Recession Watch: Looking at Retail Sales for Clues.
By Larry Kummer, editor of the Fabius Maximus website:
We watch the trend in retail sales because it shows how shocks in the US economy’s cyclical industries ripple outwards, first slowing sales growth — then pulling it down.
In April 2000 sales stalled; in March 2001 the recession began. There was no plateau before the Great Recession; sales peaked one month before the recession began. And now, according to the Commerce Department, October 2015 was the third month of flat retail sales; they’re down 1% (seasonally adjusted annual rate) since July excluding autos. Autos have been one of the strongest industries during the recovery. Excluding autos, retail sales are down year-over-year in real terms.
Auto sales have been a prop for the economy. They’ve been boosted by imprudent lending, with the average auto loan rising to $27,000 when the median household income of only $53,000, for an astonishing 65-month maturity — with 19.3% of auto loans going to people with subprime credit ratings.
The monthly volatility of auto sales makes trend changes difficult to see; this should be high on your list of things to watch. The inevitable crash in auto sales will be ugly, dragging down the entire economy. Automobiles have a higher multiplier effect on the economy than most retail products due to their size and complexity — consuming large amounts of raw materials and labor, requiring people to transport, sell, and finance them.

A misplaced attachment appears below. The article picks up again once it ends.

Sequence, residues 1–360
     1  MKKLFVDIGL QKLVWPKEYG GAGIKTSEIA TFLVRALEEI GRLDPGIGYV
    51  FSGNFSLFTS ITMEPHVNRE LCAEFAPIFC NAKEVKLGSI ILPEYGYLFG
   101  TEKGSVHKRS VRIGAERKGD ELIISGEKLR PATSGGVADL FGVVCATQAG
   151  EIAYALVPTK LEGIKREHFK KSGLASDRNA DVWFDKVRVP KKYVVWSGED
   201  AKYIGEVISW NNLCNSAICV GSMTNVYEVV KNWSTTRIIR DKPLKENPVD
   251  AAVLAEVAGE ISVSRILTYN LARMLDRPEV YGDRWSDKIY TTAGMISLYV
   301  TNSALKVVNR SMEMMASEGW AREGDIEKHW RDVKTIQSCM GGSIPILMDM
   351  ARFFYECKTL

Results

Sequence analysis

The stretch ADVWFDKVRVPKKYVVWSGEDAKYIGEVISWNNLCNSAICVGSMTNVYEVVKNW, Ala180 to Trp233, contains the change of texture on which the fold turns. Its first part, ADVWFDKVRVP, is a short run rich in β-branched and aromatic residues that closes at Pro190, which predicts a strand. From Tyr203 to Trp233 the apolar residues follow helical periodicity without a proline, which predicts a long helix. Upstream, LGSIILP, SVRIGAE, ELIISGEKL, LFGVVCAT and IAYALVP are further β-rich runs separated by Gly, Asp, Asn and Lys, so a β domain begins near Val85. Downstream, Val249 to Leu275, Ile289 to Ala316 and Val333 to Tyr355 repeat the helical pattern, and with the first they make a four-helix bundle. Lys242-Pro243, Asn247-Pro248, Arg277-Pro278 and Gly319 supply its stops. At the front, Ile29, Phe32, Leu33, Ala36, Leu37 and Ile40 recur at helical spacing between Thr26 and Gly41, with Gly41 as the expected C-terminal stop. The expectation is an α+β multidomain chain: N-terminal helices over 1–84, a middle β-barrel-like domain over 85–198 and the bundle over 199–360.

So far, as usual, the slowdown in the manufacturing sector has had only a minor effect on the economy. The goods-producing sectors employ only 14% of workers (of these only 12% work for manufacturers), while 70% work in the service sector and 15% for governments. The cyclical goods-producing sectors must slow a lot for the ripples to pull down the service industries. A fall in auto sales could provide such a push.
But not yet. Wards reports total unit sales; J. D. Powers reports average cost per vehicle sold. Both still look strong. But growing caution by either lenders or buyers could hurt sales. Bank regulators have expressed concern about subprime auto lending, especially on easy terms. As for consumers, auto sales are perhaps the largest expression of their “animal spirits” — a combination or reason and emotion vulnerable to so many things.
There are many reasons to be watching for a recession in the next year. The age and weak magnitude of the recovery are both cautionary signals. Even more significant, real gross domestic income (GDI) on a seasonally adjusted annual rate basis has not just been below the 2% “stall speed” for the past 2 quarters but below 1%, an even stronger warning sign.
In 9 out of 11 post-WWII recessions, real GDI grew at 1% or less in at least one of the four quarters prior to the recession. The last time it did so in two consecutive quarters of Q2 and Q3 of 2012, which sparked the Fed to the third and largest round of quantitative easing (QE3).
What about the expected Fed action in December, starting the long “normalization” of interest rates? The Fed is capable of almost anything, certainly increasing rates in a weak economy and few signs of rising inflation. But I suspect they will do so only once, for the same reason children don’t touch hot stoves twice. These are not normal times. By Larry Kummer, editor of Fabius Maximus
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